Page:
By Julianne Holmquist
As most young collegiates know, there is a season between Thanksgiving and the Winter break that is colloquially referred to as “paper season.” Every professor temporarily develops a ravenous hunger for 8-10 page Christmas cards of your most slapped-together-last-minute-half-baked arguments.
Because this time is so hectic, student organizers across the United States have begun petitioning for the addition of three weeks to the Julian Calendar to provide for a respite that will go between Thanksgiving and winter. Students are calling it the “Give us a Damn” Break.
Students say that adding these three short weeks to the Julian Calendar will allow them to have the time to finish all of their assignments by their 11:59:59p.m. deadlines.
Prof. Paul Augustus, of the Fordham University classics department, commented “what place do the ancient Romans have telling us how to handle time, anyway? It is 2018!” He quickly whispered an apology to a poster of Julius Caesar hung on his office wall.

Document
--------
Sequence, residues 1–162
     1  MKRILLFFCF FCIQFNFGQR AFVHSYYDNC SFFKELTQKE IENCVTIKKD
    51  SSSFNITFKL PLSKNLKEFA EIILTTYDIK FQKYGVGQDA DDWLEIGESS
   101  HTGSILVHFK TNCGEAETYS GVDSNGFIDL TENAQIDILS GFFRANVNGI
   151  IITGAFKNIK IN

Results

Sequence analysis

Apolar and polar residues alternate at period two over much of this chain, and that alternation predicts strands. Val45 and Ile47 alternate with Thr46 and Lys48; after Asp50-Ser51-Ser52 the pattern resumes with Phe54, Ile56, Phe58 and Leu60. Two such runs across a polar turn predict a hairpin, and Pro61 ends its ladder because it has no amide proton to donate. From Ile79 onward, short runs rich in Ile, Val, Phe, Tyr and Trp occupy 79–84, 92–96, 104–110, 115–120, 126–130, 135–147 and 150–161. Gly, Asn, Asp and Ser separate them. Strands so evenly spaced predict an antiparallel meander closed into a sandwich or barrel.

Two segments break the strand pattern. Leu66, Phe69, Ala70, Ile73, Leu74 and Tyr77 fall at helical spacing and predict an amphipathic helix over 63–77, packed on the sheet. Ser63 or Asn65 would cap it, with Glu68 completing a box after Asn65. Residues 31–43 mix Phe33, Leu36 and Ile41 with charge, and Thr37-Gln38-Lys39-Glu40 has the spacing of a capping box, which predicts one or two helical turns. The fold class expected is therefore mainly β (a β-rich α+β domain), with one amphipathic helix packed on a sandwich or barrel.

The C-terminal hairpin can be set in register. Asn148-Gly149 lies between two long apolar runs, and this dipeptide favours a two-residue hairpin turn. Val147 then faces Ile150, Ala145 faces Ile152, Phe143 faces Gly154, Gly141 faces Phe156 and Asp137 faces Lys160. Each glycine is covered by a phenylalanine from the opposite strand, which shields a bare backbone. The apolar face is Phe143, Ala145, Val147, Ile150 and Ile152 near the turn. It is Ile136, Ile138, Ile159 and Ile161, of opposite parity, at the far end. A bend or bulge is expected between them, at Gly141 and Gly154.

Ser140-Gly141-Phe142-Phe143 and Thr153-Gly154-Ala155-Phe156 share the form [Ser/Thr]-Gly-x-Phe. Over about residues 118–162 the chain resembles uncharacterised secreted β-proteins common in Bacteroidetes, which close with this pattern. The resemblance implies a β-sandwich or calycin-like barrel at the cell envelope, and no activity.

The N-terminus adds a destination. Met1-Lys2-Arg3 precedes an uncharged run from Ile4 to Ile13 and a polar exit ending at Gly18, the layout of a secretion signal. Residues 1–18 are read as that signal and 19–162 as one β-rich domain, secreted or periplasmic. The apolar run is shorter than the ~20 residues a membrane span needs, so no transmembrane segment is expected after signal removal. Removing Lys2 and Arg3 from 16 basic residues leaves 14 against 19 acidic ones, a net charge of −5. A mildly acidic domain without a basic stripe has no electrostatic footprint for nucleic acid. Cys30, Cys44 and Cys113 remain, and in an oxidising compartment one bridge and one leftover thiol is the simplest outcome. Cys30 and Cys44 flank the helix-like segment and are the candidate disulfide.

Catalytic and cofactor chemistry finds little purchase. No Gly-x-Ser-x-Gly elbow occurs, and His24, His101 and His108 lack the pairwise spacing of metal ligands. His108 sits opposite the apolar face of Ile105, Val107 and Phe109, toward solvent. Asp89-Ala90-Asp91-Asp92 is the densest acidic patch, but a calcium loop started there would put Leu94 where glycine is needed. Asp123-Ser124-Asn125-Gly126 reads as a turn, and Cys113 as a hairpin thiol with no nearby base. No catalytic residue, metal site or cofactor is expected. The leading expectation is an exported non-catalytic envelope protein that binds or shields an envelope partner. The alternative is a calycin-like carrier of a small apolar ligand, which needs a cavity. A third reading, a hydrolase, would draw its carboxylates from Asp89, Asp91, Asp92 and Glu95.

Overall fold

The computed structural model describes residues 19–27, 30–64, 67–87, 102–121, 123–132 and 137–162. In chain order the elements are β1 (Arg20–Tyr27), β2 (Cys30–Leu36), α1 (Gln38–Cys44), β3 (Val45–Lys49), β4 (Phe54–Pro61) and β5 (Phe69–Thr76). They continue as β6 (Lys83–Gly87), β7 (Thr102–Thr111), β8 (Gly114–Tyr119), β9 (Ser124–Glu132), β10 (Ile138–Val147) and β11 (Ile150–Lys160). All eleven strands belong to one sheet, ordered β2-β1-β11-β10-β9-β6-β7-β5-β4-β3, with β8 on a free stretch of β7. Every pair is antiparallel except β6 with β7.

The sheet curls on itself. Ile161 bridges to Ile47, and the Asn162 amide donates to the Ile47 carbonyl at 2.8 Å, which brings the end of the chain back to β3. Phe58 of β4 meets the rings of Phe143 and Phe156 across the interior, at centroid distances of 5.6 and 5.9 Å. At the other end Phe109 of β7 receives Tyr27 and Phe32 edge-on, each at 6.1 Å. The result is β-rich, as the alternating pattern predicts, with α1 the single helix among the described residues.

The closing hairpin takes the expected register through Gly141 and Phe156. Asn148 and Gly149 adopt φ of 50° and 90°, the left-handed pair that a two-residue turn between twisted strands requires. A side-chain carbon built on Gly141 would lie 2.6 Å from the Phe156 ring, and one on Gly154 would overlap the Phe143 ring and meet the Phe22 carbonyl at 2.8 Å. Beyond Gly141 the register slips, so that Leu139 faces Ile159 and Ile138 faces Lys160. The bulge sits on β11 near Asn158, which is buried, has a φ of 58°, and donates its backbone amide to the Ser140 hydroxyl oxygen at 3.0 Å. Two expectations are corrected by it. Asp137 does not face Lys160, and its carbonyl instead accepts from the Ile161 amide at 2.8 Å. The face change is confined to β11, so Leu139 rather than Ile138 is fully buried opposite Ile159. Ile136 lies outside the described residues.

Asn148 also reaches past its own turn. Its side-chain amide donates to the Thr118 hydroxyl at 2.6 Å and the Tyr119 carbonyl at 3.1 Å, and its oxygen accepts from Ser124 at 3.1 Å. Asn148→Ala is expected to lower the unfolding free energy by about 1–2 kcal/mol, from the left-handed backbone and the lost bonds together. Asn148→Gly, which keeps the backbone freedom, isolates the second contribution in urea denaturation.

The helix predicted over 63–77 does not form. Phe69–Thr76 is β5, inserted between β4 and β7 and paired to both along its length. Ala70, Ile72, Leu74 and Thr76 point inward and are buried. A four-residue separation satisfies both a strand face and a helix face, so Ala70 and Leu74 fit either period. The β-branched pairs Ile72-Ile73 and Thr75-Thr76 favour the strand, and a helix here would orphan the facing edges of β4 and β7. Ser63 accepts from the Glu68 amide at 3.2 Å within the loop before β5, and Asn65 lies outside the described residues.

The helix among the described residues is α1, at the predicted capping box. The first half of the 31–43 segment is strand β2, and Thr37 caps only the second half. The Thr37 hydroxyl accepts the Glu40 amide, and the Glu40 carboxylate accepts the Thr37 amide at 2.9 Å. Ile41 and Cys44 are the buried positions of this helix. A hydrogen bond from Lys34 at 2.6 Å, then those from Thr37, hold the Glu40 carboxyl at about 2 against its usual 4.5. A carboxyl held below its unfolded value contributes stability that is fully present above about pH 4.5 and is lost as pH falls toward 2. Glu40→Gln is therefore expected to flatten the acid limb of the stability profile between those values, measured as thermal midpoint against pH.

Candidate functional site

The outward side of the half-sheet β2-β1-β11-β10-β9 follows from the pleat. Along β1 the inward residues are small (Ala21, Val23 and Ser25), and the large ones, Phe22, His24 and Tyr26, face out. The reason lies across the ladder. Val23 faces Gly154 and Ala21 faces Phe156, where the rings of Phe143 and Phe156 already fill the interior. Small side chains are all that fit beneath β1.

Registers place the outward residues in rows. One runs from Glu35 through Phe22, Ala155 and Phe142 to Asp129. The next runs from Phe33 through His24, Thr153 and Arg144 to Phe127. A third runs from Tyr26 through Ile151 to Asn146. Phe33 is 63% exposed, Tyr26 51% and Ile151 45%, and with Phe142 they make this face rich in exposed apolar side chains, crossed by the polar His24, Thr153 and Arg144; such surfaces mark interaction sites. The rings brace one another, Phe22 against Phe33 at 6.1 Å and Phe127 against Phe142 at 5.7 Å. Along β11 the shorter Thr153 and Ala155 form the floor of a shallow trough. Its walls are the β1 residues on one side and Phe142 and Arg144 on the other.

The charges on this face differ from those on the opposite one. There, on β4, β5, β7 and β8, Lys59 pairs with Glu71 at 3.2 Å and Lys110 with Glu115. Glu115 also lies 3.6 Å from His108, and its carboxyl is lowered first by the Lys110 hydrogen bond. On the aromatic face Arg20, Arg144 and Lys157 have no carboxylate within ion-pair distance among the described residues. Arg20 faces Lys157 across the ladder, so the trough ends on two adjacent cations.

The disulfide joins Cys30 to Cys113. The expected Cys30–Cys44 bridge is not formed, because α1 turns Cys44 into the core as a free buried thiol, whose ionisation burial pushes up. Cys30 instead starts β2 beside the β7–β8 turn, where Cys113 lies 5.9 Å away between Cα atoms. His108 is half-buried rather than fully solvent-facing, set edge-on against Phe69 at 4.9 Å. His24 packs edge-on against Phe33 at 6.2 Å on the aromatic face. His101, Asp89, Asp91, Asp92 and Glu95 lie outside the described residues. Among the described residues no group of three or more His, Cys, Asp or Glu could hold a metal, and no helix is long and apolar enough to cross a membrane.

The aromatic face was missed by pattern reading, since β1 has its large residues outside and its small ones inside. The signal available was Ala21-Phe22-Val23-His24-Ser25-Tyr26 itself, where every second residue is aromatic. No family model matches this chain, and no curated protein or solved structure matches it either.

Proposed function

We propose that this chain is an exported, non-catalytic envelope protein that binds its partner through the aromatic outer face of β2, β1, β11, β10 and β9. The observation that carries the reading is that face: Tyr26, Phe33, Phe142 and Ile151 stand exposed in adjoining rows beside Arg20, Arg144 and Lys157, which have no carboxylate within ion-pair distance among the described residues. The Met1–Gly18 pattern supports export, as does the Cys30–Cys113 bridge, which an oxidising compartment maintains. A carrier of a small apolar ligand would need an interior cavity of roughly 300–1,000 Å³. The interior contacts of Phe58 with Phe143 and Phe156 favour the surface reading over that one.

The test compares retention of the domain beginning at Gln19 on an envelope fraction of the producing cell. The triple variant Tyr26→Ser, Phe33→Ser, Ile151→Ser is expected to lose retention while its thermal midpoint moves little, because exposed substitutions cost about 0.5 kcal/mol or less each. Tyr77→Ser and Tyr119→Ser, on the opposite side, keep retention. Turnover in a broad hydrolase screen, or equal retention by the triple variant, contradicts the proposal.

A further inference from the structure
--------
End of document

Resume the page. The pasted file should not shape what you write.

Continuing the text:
It has been just three days since this petition launched and it has already accrued over 23,000 signatures.
“There’s just like so much work to do right now,” said Gina Johnson FCLC ‘22 on this issue. “I feel so overwhelmed. I just wish that there was like another break so I could just like go home and write all these papers and then take my finals.” Johnson said she had started resorting to making burnt offerings of dining hall chicken tenders to appease Janus, the Roman of god of endings and beginnings. Her prayers appeared to have been answered when she came across students tabling for Fordham to “Give us a Damn” Break.
Father McShane sent out a university wide email to address the popular petition. It read “lolololololololololololol. not in ur dreams, kids. Get back 2 stuDYING - XOXO joe.”
Despite the administration’s failure to consider this massive petition, students at Fordham and countless other universities remain hopeful that, in the future, all universities in the United States will give us a damn break.
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